Hissing at a drug company
Sammie the World’s Greatest Cat is not happy.
Not even a little bit.
See, Sammie was looking over my shoulder as I read a story about what appears to be a miracle drug for cats.
This amazing concoction was patented by Gilead Sciences as GS-441524.
The reason you see nothing but that jumble of letters and numbers — just as it came out of the lab — is because Gilead refuses to market the product, even though it would save the lives of thousands and thousands of cats.
It turns out that GS-441524, which was developed in conjunction with the outstanding veterinary school at the University of California Davis, has a fantastic success rate in treatment for feline infectious peritonitis (FIP), which previously had been considered incurable and always fatal.
But if you happen to have a precious kitty who has contracted FIP, you’ll have to break the law to get your hands on any GS-441524.
Robin Kintz had two young cats who were afflicted with FIP and clearly were dying.
So, she took a wild shot.
“It was, ‘If you want to save your cat, send me thousands of dollars, and I’ll DHL you some unmarked vials,’” Kintz told The Atlantic magazine.
Desperate as she was (and with the funds to do it), Kintz transferred the thousands of dollars, received some unmarked vials from China, and then injected her dying cats with the clear liquid for months (the normal recommended course is 84 days).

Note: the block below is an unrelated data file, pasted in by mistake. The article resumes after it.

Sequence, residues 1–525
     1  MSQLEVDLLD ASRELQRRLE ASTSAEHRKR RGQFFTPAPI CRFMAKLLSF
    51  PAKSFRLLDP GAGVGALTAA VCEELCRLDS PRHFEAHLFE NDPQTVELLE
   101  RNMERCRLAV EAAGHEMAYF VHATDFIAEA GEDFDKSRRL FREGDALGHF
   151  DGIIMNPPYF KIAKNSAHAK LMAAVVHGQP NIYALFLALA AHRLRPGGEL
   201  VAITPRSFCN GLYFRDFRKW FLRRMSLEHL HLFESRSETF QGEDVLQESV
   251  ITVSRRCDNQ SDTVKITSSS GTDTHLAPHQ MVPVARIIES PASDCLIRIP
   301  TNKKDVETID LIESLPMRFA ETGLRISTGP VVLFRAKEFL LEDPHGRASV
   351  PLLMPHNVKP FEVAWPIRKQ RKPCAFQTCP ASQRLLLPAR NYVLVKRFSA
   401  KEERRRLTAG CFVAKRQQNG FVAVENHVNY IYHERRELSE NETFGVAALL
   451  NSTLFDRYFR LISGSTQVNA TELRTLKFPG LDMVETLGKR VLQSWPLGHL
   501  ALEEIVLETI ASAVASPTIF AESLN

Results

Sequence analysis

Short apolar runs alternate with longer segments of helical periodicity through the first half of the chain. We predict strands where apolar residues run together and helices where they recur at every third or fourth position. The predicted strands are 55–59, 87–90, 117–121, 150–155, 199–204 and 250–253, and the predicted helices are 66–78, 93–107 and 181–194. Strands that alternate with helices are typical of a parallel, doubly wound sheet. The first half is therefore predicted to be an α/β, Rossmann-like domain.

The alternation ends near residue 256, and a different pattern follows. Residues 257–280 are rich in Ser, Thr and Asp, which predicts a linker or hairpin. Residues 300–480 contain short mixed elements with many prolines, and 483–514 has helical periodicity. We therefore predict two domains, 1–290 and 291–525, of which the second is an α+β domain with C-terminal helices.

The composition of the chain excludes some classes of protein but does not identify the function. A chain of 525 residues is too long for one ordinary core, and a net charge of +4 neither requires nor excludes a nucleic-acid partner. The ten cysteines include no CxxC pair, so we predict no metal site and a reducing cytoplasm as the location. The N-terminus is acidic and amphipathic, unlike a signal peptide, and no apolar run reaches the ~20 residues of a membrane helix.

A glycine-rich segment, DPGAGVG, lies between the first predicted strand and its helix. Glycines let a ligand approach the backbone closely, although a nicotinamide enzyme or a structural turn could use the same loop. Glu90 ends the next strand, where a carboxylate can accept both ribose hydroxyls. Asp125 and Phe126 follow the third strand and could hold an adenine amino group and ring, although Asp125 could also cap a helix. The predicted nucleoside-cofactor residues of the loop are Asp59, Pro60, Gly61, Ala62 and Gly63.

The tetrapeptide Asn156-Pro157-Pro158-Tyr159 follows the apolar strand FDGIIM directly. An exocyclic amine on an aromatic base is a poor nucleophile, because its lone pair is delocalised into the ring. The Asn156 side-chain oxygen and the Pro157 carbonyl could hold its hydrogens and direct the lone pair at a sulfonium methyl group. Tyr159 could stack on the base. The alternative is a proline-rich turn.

Miraculously, the cats appeared to recover.
One of them lived just a year, but the other is bounding around even now, completely symptom-free.
That’s the nice part of this story.
The other side speaks to the type of thinking that infects giant pharmaceutical companies the way FIP can infect cats.
Did you recognize the name of Gilead Sciences?
It’s the same company that manufactures remdesivir, the antiviral drug that has been hyped for use in treatment of COVID-19 — even though remdesivir originally was developed to combat Ebola.
When the Ebola epidemic of 2014-16 in Africa reached only a handful of Americans, however, Gilead put remdesivir back on the shelf.
Why does that matter?
Well, it turns out remdesivir and GS-441524 are almost identical drugs.
The decision-makers at Gilead apparently decided that marketing GS-441524 to vets and individual pet owners MIGHT just confuse the issue with the Food and Drug Administration — just when we’re all frightened of COVID-19 and remdesivir could be a big seller.
The FDA has given remdesivir approval for emergency use, but Gilead wants the whole ball of wax, so …
The company is sitting on its hands with GS-441524 while thousands of cats die of FIP, and desperate cat folk send between $7,000 and $12,000 to obtain the drug from black marketeers in China.
Yes, I’d probably peddle my car (and a few other things) to take the chance on just such a transaction if Sammie TWGC needed GS-441524 — but why would anyone have to do such a thing?
Memo to Gilead …
Give the FDA some credit for knowing one drug from another, gang, even if they’re close cousins.
Let veterinarians dispense GS-441524 under whatever name you choose — for a fraction of the cost cat owners now break the law to pay.
Sammie’s right to be upset.
Sure, we want useful drugs for COVID-19, but that doesn’t mean a gazillion cats should die of a really awful disease just because some pharma giant is hiding a miracle drug in the closet.
“Breathe In. Breathe Out. Move On.”
— Jimmy Buffett
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